March 7, 2022
Practicum student Kristyn Nelson, left, takes notes as mental health therapist Kristine Crossland offers up some instruction in Bonnyville. Photo supplied.
Story by Gayleen Froese
It can be difficult to make connections and feel at home in a new place. For healthcare students considering practicum locations, worries about going somewhere new on their own can discourage them from applying for rural or remote northern opportunities.
That’s why a pilot program in northeastern Alberta is giving students a chance to connect in a new way — by bringing several students from the same social work program into communities together.
“They’re trying to create a supportive situation for practicum students who are going into a community that’s not their own,” says Kristine Crossland, a mental health therapist in Bonnyville and practicum leader for one of the students in the pilot.
“It’s a great idea because these communities are quite hard to recruit to. We don’t have any local university program, per se, where we could have local students come do practicums.”
This program is a collaboration between Alberta Health Services (AHS) and the Rural Health Professions Action Plan (RHPaP), with support from managers throughout Alberta’s northeast.
Debra Samek, practice director, Provincial Social Work, says a similar program for nursing students in High Level inspired the pilot.
“We were able to customize it for Allied Health,” she says. “We know there are more students wanting AHS experiences than we have placements. The cohort program opens up those rural and northern placements for students who might otherwise be nervous about going into a new community.”
Brooklyn Bentley, a fourth-year Bachelor of Social Work student at MacEwan University, grew up in Cold Lake but saw the community from a new perspective when she did her practicum there.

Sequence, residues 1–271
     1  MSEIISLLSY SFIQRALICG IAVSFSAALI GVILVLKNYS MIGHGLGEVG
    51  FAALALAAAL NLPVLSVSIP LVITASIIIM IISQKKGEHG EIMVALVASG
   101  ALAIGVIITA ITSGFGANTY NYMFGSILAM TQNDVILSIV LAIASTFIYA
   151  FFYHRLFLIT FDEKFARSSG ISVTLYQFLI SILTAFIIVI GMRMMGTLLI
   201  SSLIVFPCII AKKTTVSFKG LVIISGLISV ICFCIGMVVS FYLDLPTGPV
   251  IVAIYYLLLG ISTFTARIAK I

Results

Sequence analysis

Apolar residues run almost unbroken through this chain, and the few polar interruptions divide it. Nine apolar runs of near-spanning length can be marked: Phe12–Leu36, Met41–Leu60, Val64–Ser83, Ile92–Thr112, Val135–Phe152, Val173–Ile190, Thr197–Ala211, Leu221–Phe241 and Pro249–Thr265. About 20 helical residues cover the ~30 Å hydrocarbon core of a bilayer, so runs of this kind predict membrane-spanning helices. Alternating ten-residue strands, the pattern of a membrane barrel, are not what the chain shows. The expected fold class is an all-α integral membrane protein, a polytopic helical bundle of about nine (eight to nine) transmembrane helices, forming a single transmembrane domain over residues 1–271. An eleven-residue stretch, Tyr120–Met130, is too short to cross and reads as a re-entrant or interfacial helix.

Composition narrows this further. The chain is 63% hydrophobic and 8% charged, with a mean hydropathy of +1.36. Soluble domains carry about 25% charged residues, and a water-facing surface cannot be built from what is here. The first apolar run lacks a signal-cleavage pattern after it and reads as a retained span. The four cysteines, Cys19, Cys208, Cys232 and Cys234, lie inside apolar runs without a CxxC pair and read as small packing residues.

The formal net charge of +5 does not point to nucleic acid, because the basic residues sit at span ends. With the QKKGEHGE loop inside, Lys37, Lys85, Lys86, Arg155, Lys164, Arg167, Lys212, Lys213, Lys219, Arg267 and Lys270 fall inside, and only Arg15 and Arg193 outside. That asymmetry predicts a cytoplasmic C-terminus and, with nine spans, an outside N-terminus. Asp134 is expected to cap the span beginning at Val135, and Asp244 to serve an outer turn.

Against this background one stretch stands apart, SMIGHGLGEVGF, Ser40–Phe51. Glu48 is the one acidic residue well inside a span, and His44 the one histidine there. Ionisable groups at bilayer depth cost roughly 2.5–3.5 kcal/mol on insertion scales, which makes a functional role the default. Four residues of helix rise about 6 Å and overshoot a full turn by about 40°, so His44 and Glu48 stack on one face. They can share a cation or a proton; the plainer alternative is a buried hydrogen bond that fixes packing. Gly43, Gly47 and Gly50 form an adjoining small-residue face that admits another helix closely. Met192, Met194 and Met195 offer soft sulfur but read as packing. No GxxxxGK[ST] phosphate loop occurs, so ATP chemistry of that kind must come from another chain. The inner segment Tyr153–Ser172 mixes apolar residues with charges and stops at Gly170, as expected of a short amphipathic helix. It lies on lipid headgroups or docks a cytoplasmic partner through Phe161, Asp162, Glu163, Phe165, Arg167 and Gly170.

“Working in rural areas, you notice more of what our clients are struggling with, whether that be access, resources, child care. I’ve noticed how the social determinants of health are affecting our clients.”
While the students concentrate on their new roles, their communities partner with RHPaP to make them feel at home.
“We had them complete an interest inventory early in their placements,” says Jennifer Best, far north-east consultant with RHPaP. “That helped us know what they were interested in, to better connect them into the community. A lot of them were interested in yoga, so they got a lot of information about the different yoga studios in town and we mailed them yoga vouchers as an opportunity for them to go as a cohort and do something outside of work together.”
These three-month practicums offer students diverse work experiences and a chance to see how welcoming and fun rural life can be. What does the program hold for the future?
“Ideally, we’d like to see interdisciplinary cohorts where students can learn from each other,” says Samek.
Bentley says she learned a lot from the pilot.
“While working in rural areas you’re exposed to experience that you would not find in the cities. As clinicians, we have to be resourceful and creative with what we have available in our region.”
Will these experiences result in more healthcare professionals choosing to live and work in the north?
It’s too early to say for the current cohort, but Best adds that there’s reason to be hopeful.
Last fall, four psychiatric nursing students completed a similar program in the Regional Municipality of Wood Buffalo — and three of them have since chosen to stay in their new northern home.